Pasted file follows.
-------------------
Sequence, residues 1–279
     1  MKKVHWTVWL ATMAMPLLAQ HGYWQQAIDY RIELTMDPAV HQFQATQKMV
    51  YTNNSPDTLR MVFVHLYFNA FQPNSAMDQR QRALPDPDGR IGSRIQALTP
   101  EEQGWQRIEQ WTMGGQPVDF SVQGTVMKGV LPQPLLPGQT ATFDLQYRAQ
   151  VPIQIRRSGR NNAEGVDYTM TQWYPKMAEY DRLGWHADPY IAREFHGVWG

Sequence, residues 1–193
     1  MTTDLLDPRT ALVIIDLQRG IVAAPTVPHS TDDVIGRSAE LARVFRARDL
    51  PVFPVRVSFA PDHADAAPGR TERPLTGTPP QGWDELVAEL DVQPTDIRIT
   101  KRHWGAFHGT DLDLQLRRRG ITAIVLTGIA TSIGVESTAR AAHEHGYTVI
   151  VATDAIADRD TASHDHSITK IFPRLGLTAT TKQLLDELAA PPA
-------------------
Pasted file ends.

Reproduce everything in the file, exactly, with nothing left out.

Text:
Sequence, residues 1–279
     1  MKKVHWTVWL ATMAMPLLAQ HGYWQQAIDY RIELTMDPAV HQFQATQKMV
    51  YTNNSPDTLR MVFVHLYFNA FQPNSAMDQR QRALPDPDGR IGSRIQALTP
   101  EEQGWQRIEQ WTMGGQPVDF SVQGTVMKGV LPQPLLPGQT ATFDLQYRAQ
   151  VPIQIRRSGR NNAEGVDYTM TQWYPKMAEY DRLGWHADPY IAREFHGVWG

Sequence, residues 1–193
     1  MTTDLLDPRT ALVIIDLQRG IVAAPTVPHS TDDVIGRSAE LARVFRARDL
    51  PVFPVRVSFA PDHADAAPGR TERPLTGTPP QGWDELVAEL DVQPTDIRIT
   101  KRHWGAFHGT DLDLQLRRRG ITAIVLTGIA TSIGVESTAR AAHEHGYTVI
   151  VATDAIADRD TASHDHSITK IFPRLGLTAT TKQLLDELAA PPA